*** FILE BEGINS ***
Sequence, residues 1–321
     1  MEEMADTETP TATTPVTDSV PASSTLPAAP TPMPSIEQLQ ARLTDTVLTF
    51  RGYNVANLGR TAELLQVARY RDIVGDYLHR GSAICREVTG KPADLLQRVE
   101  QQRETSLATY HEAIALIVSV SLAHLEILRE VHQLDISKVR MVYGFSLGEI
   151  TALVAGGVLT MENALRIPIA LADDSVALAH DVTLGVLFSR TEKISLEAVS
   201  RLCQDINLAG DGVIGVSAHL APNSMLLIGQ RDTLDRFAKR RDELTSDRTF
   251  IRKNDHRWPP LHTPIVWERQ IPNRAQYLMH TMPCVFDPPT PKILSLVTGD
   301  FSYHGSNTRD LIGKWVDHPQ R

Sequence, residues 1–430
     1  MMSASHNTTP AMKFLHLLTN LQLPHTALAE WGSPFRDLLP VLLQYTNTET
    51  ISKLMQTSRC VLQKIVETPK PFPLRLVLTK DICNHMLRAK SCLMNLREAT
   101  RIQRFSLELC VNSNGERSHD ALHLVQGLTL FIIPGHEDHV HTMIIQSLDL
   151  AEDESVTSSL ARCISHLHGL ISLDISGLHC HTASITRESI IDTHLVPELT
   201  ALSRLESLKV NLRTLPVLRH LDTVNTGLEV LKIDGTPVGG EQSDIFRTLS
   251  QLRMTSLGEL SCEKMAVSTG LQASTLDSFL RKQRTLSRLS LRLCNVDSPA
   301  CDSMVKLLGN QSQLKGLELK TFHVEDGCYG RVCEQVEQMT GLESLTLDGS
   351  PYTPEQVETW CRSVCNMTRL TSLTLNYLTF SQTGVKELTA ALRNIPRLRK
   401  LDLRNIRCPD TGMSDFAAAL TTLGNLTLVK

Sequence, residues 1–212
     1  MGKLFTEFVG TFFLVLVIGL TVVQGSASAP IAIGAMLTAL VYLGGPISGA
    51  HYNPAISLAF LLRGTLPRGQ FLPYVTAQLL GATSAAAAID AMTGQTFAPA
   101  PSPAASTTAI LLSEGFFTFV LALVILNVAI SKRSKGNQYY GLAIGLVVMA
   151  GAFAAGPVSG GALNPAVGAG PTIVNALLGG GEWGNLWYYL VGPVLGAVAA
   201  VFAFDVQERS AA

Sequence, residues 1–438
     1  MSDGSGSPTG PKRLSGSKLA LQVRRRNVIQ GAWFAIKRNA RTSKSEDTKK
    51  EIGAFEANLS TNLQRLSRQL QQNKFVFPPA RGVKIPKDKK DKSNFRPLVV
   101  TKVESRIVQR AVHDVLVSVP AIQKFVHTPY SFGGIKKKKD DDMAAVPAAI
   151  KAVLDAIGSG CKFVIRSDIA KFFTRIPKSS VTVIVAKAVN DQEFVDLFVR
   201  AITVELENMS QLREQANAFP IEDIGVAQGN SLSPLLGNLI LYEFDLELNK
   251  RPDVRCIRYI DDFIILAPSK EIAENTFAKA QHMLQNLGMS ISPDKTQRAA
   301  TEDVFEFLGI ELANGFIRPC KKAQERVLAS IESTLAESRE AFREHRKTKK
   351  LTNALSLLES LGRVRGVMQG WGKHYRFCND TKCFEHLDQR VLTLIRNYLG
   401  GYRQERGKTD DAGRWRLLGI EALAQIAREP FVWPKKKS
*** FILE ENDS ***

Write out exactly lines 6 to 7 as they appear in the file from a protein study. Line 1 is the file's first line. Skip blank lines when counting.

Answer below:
   201  RLCQDINLAG DGVIGVSAHL APNSMLLIGQ RDTLDRFAKR RDELTSDRTF
   251  IRKNDHRWPP LHTPIVWERQ IPNRAQYLMH TMPCVFDPPT PKILSLVTGD